Director: Saul Dibb
Starring: Sam Claflin, Paul Bettany, Toby Jones, Ava Butterfield, Stephen Graham, Tom Sturridge, Robert Glenister, Miles Jupp, Theo Barklem-Biggs
Written by: Simon Reade, (based on the novel) Vernon Bartlett and (based on the novel and play) R.C. Sherriff
Running Time: 107 mins
Release date: 2nd February 2018
R.C. Sherriff’s acclaimed play about life in the trenches during World War I is regarded, alongside All Quiet On The Western Front, as the material in which to go to when understanding what it was like during those horrific years. The stage production, which is often revived, is a stunning piece of work that plays relevant today as it did when Sherriff wrote it back in 1928. Now we have another film version (the third) from the director of The Duchess and Suite Francaise and it is just as powerful as it was when it was first written.
1918 Aisne and a group of British soldiers, led by Captain Stanhope, are sent for their six-day tour in the trenches, with the knowledge that it is possible they will be targeted by the Germans. With their fate ahead of them, Stanhope, struggling to cope with the fear and anger he feels, turns to drink to aid him through the days, which becomes even more problematic when a young officer arrives who is the brother of his beloved.
Where the play was a triumph was that Sherriff manages to capture the emotional states of the officers in that trench, knowing what they do and yet having to show a stiff-upper-lip attitude to the whole thing. Saul Dibb’s film transfers that brilliantly, showing just how restraint the officers had to be in the face of impending doom. Dibb also captures the environment superbly, with the trenches being a muddy and vile place which is cramped and gloomy, where everyone is under each other’s feet and yet at the same time, there was an air of camaraderie. For a film depicting the horrors of war, it manages to find humour to lighten the otherwise dark mood.
You get a real sense of how these soldiers had to spend their every day, never knowing if a sniper will hit them or if a bomb will be dropped on them, while they sit in squaller and inhuman conditions. Where the real horror sits is in the orders sent down by the commanding officers’ miles from the action, to send innocent soldiers on impossible missions that will lead to their deaths. It is these moments when the story throws in its emotional punches. A sequence involving a suicide mission during daylight hours is so tense and utterly heartbreaking, you feel like screaming at the officer giving the command to do it himself.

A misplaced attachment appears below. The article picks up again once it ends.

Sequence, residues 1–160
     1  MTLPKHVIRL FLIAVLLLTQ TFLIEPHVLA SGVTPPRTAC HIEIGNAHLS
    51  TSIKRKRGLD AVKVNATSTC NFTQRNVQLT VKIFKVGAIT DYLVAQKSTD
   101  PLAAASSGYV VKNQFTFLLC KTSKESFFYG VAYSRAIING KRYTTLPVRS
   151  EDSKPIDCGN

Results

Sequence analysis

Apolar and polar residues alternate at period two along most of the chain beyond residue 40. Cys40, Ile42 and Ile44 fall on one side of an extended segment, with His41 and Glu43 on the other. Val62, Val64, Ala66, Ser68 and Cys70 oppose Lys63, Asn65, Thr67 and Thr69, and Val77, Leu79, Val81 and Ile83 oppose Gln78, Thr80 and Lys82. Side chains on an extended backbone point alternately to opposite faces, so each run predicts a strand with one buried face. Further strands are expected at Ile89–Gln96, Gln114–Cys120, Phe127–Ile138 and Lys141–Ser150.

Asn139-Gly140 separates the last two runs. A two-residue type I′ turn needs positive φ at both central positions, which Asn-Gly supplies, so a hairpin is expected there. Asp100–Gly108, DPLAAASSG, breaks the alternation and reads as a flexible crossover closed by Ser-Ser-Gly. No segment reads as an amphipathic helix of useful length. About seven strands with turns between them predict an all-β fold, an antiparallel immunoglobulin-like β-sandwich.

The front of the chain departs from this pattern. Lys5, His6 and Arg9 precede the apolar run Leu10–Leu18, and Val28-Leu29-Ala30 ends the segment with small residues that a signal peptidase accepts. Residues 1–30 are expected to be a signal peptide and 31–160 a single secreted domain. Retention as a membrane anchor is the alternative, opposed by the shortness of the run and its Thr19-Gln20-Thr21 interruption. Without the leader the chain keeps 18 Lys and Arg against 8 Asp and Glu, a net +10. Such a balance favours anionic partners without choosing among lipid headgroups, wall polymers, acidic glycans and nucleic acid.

The strength of the film is the stunning performances from the ensemble cast who fit their characters brilliantly. Sam Claflin, as Stanhope, is terrific, showing a man who, on the one hand, has to be a leader to his young platoon and yet inside he is riddled with grief, fear and disgust for those who are in charge, so his only solace is in the bottle of a whisky glass. Paul Bettany, as the kindly Osbourn, is a perfect opposite to Claflin’s Stanhope. Here is a man who speaks quietly, looks after the men with a soothing word and gentle smile and is completely calm. Even when he knows his fate, he does it without showing an inch of fear. It is a beautifully underplayed performance that works.
The rest of the cast do sterling work, with Asa Butterfield as the young officer who idolises Stanhope and yet it seems he is being kept arm’s length away from him. Stephen Graham and Toby Jones provide the light relief with some well placed comic moments, mainly about the food they are eating.
This is a first-rate drama that will hit you hard in the stomach with a strong and powerful emotional punch. On a small budget, it manages to be as stunning as a big blockbuster hit but for completely different reasons. Journey’s End deserves a larger release than what it has been given but if you get the chance to catch in, it is well worth it. Not an easy watch but worthwhile never the less.